Texas officials have been quietly conducting business as normal this week in preparation for the start of another football season. But let’s be honest, this week has been anything but normal.
“Opening game is almost here,” Texas men’s athletic director Mike Perrin tweeted on Monday. “Our facilities and game operations personnel have done an outstanding job preparing for Saturday! #HookEm.”
There should be bug-eyed anticipation for new coach Tom Herman’s debut. But as the week progressed, images from the devastation in Houston, Rockport and the Corpus Christi areas gripped the nation. The death toll was nearing 20 by midweek alone.
“My family is definitely dear to me, and they’re stuck in this situation right now,” said team captain P.J. Locke III, who hails from Beaumont. He’s one of 21 Longhorns affected personally by the storm.
Harris County, where Houston is located, is home to roughly 2,000 UT season-ticket holders. It’s the second-largest county of season-ticket holders in the state, with Travis Country being No. 1. Roughly one-third of UT’s undergraduate population comes from the greater Houston area.
What can or should the Texas athletic department do?
Multiple school officials said privately they have grappled with that question for days. “We just want to do what’s appropriate,” one UT administrator said. There was no serious talk of postponing the opener, although the school did receive inquiries if it would.
The university did not alter its academic calendar. Classes started on Wednesday as planned. UT officials did cancel a planned Friday night alumni event. Last season, the school unveiled the new Bevo XV mascot at the same function. Other smaller events were pared back or cancelled.
It’s likely that come Saturday morning, there will be a significant pulse around campus, especially for an 11 a.m. kickoff against Maryland. Once toe meets leather, as Michigan coach Bo Schembechler once said, fans will likely be fired up and ready to go.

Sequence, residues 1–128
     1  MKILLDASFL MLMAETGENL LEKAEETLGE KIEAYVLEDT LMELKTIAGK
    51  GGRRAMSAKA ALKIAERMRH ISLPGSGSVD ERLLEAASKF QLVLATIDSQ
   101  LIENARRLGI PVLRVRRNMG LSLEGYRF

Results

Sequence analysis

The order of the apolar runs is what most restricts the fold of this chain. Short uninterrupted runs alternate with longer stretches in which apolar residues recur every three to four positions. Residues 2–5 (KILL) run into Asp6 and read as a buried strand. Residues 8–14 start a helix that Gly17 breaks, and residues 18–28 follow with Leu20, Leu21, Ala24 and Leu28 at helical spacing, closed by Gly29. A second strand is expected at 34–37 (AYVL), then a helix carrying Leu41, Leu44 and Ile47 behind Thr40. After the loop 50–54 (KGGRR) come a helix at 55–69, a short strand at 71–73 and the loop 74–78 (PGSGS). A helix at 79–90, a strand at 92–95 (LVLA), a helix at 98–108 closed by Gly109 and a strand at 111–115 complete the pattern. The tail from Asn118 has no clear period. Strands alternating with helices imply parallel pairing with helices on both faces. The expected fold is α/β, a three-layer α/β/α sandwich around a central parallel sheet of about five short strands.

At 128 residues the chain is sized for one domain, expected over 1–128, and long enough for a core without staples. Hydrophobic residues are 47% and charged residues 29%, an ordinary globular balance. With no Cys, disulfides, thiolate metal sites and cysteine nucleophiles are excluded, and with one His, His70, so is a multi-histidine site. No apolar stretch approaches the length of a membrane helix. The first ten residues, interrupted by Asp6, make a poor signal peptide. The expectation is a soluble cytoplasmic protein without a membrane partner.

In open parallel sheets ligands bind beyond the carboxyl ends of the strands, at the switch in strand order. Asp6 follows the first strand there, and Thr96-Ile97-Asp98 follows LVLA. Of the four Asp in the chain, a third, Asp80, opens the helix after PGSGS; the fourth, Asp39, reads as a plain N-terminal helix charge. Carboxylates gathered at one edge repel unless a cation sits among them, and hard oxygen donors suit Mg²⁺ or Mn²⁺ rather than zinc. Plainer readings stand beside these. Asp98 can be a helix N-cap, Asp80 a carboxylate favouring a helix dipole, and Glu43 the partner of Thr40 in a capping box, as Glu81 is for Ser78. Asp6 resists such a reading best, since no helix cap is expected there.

UT officials are cognizant of the news but they’re also charged with delivering a first-class experience for athletes, students and fans. It’s a delicate balance, for sure. Had Texas postponed this game, the school would likely have been criticized for going too far.
Instead, the gates will be open, the “Showband of the Southwest” will be on the field and the Longhorns will come racing through the tunnel to a new pre-game introduction approved by Herman himself. Without giving anything away, it’s worth being in your seat before kickoff.
Herman and his chief of staff Fernando Lovo have both influenced the pre-game music fans will hear during warmups. The defensive players had a say in the music played on third downs. Even those on the kickoff team had some input on what’s played before special teams.
Upbeat music that players enjoy will be a key piece of the game-day experience as long as Herman remains the coach. He isn’t asking older fans to download all this stuff on Spotify. Just be open-minded.
Get ready to hear it loud and clear, though. Austin-based Big House Sound oversaw the installation of 384 speakers throughout Royal-Memorial Stadium. That includes 48 18-inch sub-woofers.
“I’m sure (former Virginia Tech coach) Frank Beamer doesn’t worry about pre-game music,” Herman said. “You know why? Because they come in with (Metallica’s) ‘Enter Sandman’ and it’s one of the greatest freakin’ pre-game entrances in all of college football. But it had to get that way at some point. And I bet you Frank Beamer had a hand in that at some point.
“So I think when we get it to where we need it to be, then you can let the machine run itself a little bit and the people you trust to run it,” Herman added. “But until then, we’ve got to make sure we’re all doing the same thing and heading in the same direction.”
Herman’s graphics team will make full use of the upgraded video board in the south end zone. There’s also 770 feet of new ribbon board on the east, north and west facades.
At the concession stands, Salt Lick Barbecue now has a place alongside Torchy’s Tacos, Pluckers and Fletcher’s Corny Dogs. Texas officials would be much obliged if you washed all that down with a Corona Extra, another new offering this season as part of UT’s partnership with Constellation Brands.
Nobody affiliated with UT has suggested that a football game is bigger than life. Sports are designed to be entertainment, after all. Maybe those affected by Hurricane Harvey could enjoy a few hours of distraction.
Texas hosts Maryland on Saturday while Texas A&M plays at UCLA on Sunday. Baylor, TCU and Texas Tech all have home games this weekend, too. All of those schools have fans, alumni and students from Houston and the Gulf Coast.
Those teams can’t rebuild anyone’s house, but a bunch of Texas-based, feel-good victories may be what a lot of folks could use right now.
Contact Brian Davis at 512-445-3957. Email firstname.lastname@example.org.